Washington, D.C.-based Associated Builders and Contractors says its measure of the nation's construction industry backlog rose 10% in the second quarter to an average of 8.1 months, up from 7.3 months the previous quarter. ABC's Construction Backlog Indicator (CBI) is 12% higher than a year ago, and backlog has expanded in all regions, particularly in the South in which project orders rose 1.87 months during the quarter compared to a year ago, the trade group says. The Northeast, however, posted the smallest gain, 0.04 months, from the same period last year.
ABC expresses caution about the overall rise in activity, saying that it may indicate economic momentum that existed several months ago, which may begin to weaken.
"The U.S. economy continues to be pummeled with a sea of constraining factors ranging from rising gas and food prices, to Washington's stalemate on lowering the nation's deficit, the downgrade of the U.S. credit rating, Europe's growing financial crisis and the U.S. financial market turmoil," says Anirban Basu, ABC chief economist. "Though average construction backlog has been on the ascent in recent months, future surveys are likely to reflect a reversal of the trend and may lead to a chill in the nation's building recovery."
Quarterly backlog growth was fueled by the commercial/institutional building sector, which increased its backlog to 8.6 months in the second quarter from 7.3 months in the first quarter. Backlog in the infrastructure sector has declined for four consecutive quarters, likely the result of the steady decrease from the impact of the stimulus package enacted in February 2009, ABC says. The heavy industry sector's backlog also dropped 18% during the second quarter following three quarters of stable activity, the group adds.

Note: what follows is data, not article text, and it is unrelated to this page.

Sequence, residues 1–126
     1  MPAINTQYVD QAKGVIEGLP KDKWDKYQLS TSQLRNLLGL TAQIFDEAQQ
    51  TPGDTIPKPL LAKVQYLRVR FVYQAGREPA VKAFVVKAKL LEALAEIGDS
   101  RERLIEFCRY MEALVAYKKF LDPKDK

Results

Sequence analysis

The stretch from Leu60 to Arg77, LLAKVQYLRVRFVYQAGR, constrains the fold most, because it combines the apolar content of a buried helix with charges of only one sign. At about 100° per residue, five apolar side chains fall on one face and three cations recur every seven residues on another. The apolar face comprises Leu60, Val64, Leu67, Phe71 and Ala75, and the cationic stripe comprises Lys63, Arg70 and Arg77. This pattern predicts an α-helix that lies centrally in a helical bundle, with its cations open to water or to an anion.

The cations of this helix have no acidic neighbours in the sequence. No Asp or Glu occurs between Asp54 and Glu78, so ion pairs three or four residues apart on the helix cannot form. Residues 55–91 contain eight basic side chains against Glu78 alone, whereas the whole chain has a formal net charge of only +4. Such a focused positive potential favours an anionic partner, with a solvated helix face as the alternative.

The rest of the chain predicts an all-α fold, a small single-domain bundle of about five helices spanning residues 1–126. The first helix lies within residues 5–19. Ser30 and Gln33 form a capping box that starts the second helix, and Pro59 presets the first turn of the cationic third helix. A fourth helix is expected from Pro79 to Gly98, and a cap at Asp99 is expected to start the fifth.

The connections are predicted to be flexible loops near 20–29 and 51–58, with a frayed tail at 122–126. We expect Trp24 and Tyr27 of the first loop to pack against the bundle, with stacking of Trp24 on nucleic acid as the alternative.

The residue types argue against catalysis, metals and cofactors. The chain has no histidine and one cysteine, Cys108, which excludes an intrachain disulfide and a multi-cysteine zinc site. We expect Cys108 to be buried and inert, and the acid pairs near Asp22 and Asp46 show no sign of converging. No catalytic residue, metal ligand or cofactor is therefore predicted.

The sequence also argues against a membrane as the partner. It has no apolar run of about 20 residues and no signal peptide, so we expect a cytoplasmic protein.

Breaking out backlog by size of company, the CBI report shows an increase for firms with revenues below $100 million. "With many large infrastructure projects winding to a close, the largest firms in ABC's sample have predictably experienced some decline in average monthly construction backlog," Basu says.
Average construction backlog was highest, at 9.8 months, among firms with revenues between $50 million and $100 million. Average backlog rose during the second quarter to 7.5 months, from 6.4 months, among firms with revenues of less than $30 million.
"The broadening of the economic recovery during the period prior to the second quarter of 2011 helped support smaller firms, many of which are subcontractors that work on commercial and institutional projects," ABC says. With the economy weakening in recent months, construction backlog among these smaller firms may begin to decline again, it adds.
Meanwhile, Hill International in Marlton, N.J. reported record-breaking total backlog for its second quarter ended June 30, to $2.297 billion, up from $789 million during the first quarter. Hill cites $1.5 billion in added backlog resulting from two contracts signed during the quarter related to a major housing development in Iraq.
Hill also reported revenues in the second quarter, up 17.3% to $126.9 million, but operating profits down 80.6% to $824,000 compared to the same year-ago period. "Despite a small loss, we saw significant improvements in our business during the second quarter due to a substantial increase in our workload plus the results of our cost-cutting efforts," says Irvin E. Richter, Hill's chairman and chief executive officer. He adds that he expects this trend to continue into the second half of 2011.